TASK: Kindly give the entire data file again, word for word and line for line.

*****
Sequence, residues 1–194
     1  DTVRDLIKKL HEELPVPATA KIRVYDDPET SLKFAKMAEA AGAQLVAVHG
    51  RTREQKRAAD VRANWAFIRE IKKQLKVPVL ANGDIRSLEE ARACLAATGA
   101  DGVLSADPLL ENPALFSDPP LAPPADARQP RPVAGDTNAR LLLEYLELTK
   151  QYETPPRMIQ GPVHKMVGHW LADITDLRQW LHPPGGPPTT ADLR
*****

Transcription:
Sequence, residues 1–194
     1  DTVRDLIKKL HEELPVPATA KIRVYDDPET SLKFAKMAEA AGAQLVAVHG
    51  RTREQKRAAD VRANWAFIRE IKKQLKVPVL ANGDIRSLEE ARACLAATGA
   101  DGVLSADPLL ENPALFSDPP LAPPADARQP RPVAGDTNAR LLLEYLELTK
   151  QYETPPRMIQ GPVHKMVGHW LADITDLRQW LHPPGGPPTT ADLR